From The Blade
TOLEDO, OH — With operations from Visteon Corp. and other troubled automotive suppliers already up for sale, Toledo’s Dana Corp. may have a tough time divesting $1.3 billion worth of businesses that it put up for sale.
But the fact that some of the 44 facilities to be sold were recently organized by the United Auto Workers, as were two other Virginia factories to be closed, was not likely a factor in the decisions about their fates, they said.
As part of a sweeping plan to cut costs, Dana plans to sell three businesses that make piston rings, camshafts, engine bearings, pumps and fluid products for braking and other uses.
Collectively, the businesses have 9,800 employees worldwide, including 560 at the three northwest Ohio factories.
Though the Dana businesses are profitable and there are some private equity firms interested in auto parts companies, there are numerous opportunities for buyers, said David Siino, an analyst with Gabelli & Co. Inc. of Rye, NY.
The firm provides research to one of Dana’s largest institutional investors, headed by the famed Mario Gabelli.
“The problem is, it’s not a seller’s market right now,” Siino said. “I don’t think they’ll get a big price for any of the businesses.”
Other parts suppliers could buy the businesses, depending on what kind of technology, capabilities, and capacity they have to offer, and European and Asian parts makers looking for an entree into North America may be interested, said David Cole, chairman of the Center for Automotive Research in Ann Arbor.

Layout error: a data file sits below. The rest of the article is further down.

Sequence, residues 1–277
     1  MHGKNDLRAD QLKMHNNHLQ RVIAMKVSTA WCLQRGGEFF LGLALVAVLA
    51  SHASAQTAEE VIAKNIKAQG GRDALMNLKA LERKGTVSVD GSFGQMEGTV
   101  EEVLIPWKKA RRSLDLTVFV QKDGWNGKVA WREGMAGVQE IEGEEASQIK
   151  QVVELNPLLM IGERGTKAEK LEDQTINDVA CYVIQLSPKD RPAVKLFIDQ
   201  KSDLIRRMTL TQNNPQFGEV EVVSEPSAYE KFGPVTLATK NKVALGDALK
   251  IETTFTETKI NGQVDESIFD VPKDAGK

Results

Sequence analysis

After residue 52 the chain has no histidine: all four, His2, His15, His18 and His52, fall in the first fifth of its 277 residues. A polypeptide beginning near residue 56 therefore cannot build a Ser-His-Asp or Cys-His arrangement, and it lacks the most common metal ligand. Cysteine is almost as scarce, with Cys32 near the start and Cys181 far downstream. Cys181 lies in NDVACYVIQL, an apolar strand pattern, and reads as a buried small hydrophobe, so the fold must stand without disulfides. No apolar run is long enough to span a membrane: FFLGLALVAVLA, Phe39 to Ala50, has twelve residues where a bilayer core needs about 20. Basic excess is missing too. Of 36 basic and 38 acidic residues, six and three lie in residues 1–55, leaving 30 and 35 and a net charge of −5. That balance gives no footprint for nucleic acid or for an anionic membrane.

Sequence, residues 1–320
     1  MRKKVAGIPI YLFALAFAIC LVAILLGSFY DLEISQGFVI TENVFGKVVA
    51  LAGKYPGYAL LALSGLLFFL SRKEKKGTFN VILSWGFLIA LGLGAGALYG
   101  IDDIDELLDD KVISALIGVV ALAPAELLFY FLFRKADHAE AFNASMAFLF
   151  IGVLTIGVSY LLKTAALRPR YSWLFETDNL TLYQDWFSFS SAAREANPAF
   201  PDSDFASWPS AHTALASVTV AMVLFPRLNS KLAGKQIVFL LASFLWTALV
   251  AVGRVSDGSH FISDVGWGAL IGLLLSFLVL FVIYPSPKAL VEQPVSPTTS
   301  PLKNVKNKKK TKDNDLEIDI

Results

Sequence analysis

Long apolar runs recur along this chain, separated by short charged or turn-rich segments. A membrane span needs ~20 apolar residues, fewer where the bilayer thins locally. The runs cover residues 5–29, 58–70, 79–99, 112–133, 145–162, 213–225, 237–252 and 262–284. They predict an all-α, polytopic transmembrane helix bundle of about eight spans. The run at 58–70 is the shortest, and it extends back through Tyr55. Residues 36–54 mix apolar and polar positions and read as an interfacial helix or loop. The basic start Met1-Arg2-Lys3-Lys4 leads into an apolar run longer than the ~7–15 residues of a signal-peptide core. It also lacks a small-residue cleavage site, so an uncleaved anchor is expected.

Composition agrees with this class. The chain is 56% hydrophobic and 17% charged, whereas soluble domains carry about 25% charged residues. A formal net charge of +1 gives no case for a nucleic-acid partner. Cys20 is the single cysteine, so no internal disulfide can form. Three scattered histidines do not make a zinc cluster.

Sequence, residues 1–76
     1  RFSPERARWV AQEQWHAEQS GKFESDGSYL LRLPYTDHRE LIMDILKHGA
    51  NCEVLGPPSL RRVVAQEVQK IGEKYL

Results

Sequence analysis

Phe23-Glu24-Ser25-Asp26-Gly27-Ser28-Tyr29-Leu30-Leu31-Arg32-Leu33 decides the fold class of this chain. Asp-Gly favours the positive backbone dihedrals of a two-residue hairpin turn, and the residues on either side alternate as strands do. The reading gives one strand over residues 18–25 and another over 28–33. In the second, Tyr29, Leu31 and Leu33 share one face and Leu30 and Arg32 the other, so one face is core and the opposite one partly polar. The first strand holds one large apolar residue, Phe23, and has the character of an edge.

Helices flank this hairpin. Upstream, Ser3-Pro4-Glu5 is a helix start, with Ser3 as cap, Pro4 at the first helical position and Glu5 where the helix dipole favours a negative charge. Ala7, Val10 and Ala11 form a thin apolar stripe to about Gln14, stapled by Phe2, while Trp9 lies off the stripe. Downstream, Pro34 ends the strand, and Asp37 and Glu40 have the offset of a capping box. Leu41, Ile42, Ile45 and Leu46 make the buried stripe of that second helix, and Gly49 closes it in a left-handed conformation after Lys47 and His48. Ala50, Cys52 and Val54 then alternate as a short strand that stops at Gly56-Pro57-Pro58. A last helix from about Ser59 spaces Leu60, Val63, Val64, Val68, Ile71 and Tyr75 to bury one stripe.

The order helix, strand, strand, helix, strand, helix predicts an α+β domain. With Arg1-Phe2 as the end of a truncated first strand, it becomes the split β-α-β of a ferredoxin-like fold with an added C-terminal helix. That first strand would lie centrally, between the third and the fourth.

Dana’s stock price suffered yesterday after news of its restructuring, which was announced Thursday, had a chance to sink in. The stock closed down 37 cents at $7.39 a share on the New York Stock Exchange.
As part of its restructuring plan, the Fortune 500 firm will trim 5 percent of its worldwide salaried work force, largely through attrition; make employees pay more for health care; end a company match in a 401(k) retirement plan; freeze wages; and cut 100 of 385 jobs at an already diminished factory in Lima, Ohio.
Work from the Lima driveshaft plant, which little more than four years ago had 650 employees, has already been moved to Canada, India and Asia, said Brian McClurg, president of UAW Local 1765 at the plant.
He was disappointed the company didn’t first try to get government incentives before deciding to make another move, this time to a company factory in Mexico. After reaching a neutrality agreement with the UAW just two years ago in hopes of getting more work from the Big Three, Dana is unlikely to have reversed its position already, said Siino.
Dana has said union status had no bearing on plant closures.
Copyright 2005 The Blade, Toledo, Ohio. All Rights Reserved.